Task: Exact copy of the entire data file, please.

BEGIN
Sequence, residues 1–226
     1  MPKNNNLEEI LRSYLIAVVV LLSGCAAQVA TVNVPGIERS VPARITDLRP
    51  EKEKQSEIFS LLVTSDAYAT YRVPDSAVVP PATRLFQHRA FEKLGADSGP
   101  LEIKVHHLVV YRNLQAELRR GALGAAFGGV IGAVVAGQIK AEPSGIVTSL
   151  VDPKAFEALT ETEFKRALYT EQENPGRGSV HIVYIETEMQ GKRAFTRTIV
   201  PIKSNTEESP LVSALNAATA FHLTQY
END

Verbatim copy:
Sequence, residues 1–226
     1  MPKNNNLEEI LRSYLIAVVV LLSGCAAQVA TVNVPGIERS VPARITDLRP
    51  EKEKQSEIFS LLVTSDAYAT YRVPDSAVVP PATRLFQHRA FEKLGADSGP
   101  LEIKVHHLVV YRNLQAELRR GALGAAFGGV IGAVVAGQIK AEPSGIVTSL
   151  VDPKAFEALT ETEFKRALYT EQENPGRGSV HIVYIETEMQ GKRAFTRTIV
   201  PIKSNTEESP LVSALNAATA FHLTQY